• If you believe that it is possible to eliminate “human error” from any human endeavor, you are probably someone who would have believed that no one would produce or consume alcohol during Prohibition because it was against the law.

When TV commentators choose to criticize officials for “ticky-tack calls” or for “the right call but not the correct call” on TV shows that can only survive with a progression of “hot takes”, they often resort to the old saw:

  • No one paid their admission – or tuned in – to see the officials put themselves in the spotlight.

That is anything but a constructive comment – unless the commentator can provide some sort of additional evidence that the official did whatever he did with that sort of motive in mind.  Moreover, that “insight” from “hot take analysts” ignores a very important feature of officiating that seems never to be articulated:

  • Maybe no one paid admission to see the officials, but if there were no officials there would be no game to pay admission to see.
  • Think about it; any player or any coach or any trainer or any pep band member can be removed from the arena and the game will go on.  If the officials leave the arena …
  • The officials are not perfect; they will never be perfect; they are not and should not be the focal point of the game; AND they are indispensable.

Instant replay shows the world the fallibility of the best of the basketball officials.  It is not a huge leap of logic for fans to conclude that less competent officials will make even more mistakes than the top-shelf ones do.  And so, when those fans attend a high school game to see their kids and/or their kids’ best friends play, they bring heightened suspicion to the gym regarding the correctness of the officials’ calls that evening.  Now, if you think I am being too defensive here, consider that the ranks of high school officials are the incubators for the officials that will replace the current “top-shelf officials” when Father Time eventually sends today’s officials to the sidelines.

Let me provide two data points:

  1. About 30 years ago, there was a sticky point for high school basketball officials here in Northern Virginia.  Schools and leagues wanted to put 3 officials on the court for all their games; it stretched the numbers of “certified referees” beyond the breaking point for a year and they had to postpone expansion from 2 officials per game to 3 officials per game for a year.  There are lots more officials doing games at the high school – and recreation league – levels than there are doing Power 5 conference games in college; but there is not a huge over-abundance.
  2. Today, the numbers of officials at the high school level are decreasing.  In Florida, the high school athletics oversight folks at the state level reported that the number of officials (in all high school sports) dropped from 8,352 in 2014-15 to 7,792 in 2017-18.  That is about a 7% drop in 3 years and there was an even more ominous note in their report.  Of the young officials who start out on this “career path”, 80% of them give it up in the first two years of experience AND the most often cited reason for giving it up is “adult behavior”.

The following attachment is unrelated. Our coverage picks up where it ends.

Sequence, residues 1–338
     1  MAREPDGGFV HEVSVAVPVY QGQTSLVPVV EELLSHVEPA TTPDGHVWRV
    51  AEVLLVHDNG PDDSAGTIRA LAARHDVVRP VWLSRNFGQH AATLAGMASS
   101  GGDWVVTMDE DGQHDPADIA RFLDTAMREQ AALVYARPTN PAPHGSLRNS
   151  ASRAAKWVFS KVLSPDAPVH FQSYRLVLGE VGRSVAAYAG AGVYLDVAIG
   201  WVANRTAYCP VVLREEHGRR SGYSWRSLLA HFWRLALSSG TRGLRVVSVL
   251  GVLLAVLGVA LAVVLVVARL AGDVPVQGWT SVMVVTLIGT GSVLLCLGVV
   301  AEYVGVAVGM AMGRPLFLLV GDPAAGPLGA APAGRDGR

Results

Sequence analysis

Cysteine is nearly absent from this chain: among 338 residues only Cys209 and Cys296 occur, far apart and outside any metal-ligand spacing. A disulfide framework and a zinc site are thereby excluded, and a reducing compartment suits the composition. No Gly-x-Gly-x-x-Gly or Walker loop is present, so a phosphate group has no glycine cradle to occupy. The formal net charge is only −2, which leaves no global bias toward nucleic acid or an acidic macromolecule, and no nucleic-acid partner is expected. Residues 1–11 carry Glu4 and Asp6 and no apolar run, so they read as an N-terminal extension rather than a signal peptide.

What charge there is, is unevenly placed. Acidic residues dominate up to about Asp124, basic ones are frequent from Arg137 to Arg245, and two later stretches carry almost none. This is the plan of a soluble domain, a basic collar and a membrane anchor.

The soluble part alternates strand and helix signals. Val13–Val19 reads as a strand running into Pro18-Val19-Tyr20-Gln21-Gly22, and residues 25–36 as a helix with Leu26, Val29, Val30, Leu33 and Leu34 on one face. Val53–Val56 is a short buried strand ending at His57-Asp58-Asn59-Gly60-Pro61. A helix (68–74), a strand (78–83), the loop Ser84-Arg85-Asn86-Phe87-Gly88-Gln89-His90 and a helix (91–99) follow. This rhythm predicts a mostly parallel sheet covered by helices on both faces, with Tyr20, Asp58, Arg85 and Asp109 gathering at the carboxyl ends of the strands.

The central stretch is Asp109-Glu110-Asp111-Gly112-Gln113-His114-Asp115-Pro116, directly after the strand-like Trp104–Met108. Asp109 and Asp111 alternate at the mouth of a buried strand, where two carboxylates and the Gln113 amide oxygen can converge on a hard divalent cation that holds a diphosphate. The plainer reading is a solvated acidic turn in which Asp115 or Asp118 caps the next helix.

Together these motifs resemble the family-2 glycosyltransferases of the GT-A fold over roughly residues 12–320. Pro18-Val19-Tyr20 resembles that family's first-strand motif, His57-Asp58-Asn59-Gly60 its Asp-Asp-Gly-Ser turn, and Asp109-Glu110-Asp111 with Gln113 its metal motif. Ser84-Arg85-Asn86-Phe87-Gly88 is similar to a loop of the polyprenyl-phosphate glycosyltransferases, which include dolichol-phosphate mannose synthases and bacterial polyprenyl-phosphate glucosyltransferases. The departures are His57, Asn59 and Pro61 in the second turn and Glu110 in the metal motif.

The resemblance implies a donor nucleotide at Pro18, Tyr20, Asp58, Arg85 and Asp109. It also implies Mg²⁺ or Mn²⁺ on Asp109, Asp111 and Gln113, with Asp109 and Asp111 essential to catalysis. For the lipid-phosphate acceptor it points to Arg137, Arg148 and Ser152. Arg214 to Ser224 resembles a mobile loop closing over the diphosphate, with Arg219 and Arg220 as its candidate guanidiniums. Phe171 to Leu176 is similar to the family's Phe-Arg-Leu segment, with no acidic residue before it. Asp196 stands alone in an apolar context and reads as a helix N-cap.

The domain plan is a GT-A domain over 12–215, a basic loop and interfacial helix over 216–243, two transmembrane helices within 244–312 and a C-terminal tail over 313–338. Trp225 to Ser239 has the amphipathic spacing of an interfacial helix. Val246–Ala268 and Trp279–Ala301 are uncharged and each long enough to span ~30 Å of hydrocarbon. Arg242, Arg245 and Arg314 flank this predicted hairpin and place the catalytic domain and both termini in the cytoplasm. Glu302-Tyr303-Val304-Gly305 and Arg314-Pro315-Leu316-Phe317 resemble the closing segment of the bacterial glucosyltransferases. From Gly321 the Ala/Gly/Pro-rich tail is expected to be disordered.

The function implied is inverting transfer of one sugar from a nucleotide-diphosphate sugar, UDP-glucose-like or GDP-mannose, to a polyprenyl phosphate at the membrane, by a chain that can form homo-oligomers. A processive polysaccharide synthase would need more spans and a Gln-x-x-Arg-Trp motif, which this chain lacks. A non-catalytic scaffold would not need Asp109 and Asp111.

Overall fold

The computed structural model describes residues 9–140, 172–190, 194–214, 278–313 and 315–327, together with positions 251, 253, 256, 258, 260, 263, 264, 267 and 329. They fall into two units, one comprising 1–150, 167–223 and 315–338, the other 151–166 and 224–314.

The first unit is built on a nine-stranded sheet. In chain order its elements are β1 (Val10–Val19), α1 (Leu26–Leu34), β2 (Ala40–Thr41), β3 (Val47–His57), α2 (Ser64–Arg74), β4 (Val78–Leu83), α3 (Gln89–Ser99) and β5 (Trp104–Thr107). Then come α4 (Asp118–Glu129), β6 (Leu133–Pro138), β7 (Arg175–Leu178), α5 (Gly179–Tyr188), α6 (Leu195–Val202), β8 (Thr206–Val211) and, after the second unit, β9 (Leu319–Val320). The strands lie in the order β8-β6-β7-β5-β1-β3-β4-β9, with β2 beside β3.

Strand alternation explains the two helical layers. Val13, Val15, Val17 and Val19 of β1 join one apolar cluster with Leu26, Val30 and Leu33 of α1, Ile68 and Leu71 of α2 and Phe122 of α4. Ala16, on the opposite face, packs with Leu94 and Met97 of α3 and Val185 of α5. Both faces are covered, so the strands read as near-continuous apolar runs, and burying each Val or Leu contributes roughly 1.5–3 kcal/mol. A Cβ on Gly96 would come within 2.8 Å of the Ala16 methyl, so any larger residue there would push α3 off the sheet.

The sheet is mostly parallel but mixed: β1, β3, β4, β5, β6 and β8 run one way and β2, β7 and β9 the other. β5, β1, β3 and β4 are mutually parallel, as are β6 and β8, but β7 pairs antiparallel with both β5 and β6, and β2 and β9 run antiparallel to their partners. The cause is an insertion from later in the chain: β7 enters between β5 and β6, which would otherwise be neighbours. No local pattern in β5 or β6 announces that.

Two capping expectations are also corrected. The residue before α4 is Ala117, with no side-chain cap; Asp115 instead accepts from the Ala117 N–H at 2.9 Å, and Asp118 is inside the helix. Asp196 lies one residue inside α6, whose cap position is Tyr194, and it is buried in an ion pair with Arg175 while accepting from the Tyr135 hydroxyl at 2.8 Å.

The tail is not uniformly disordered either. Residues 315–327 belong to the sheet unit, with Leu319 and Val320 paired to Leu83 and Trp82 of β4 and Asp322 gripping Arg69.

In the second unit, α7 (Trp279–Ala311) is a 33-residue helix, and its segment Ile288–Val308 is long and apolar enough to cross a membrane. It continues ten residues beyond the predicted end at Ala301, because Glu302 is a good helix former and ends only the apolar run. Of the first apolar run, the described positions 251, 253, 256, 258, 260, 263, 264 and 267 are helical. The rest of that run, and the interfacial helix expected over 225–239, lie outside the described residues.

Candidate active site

The “adult behavior” here is the abuse and vitriol directed at the officials in those high school contests.  That sort of “stuff” predates instant replay to be sure; I heard more than plenty of it long before there were daydreams – let alone thoughts – about instant replay being used in the course of a game.  However, it seems as if the level of vitriol has spiked recently; and while I cannot prove it, I believe that some measure of that spike in vitriol is due to the prevalence of replay demonstrating the constant presence of human error and to the TV commentators using the officials as a foil for the “hot takes” that allow them to continue to earn their paychecks.

I started this by saying that instant replay is not an unalloyed success.  It is not; nor is it an unmitigated disaster.  It has provided plenty of value in those circumstances where the “replay rules” allow the officials to review and correct calls that were clearly incorrect.  It is – like every other human endeavor – less than perfect.  Lest anyone misinterpret, I am not suggesting that we ditch instant replay; that would throw the baby out with the bath water.  What I think needs to be done is to:

  • Examine the rules regarding when instant replay can be used to “get it right” for what categories of calls as often as possible.
  • Amend the tone and tenor of the commentary regarding missed calls when they happen.

It would be heaven-sent if officials walked into basketball venues where all the players coaches and fans began the game with a stipulation that the officials are both competent and people of good will.  That is not gonna happen in my lifetime … so maybe the best I can hope for is that players, coaches and fans will stipulate the good will of the officials prior to tip-off?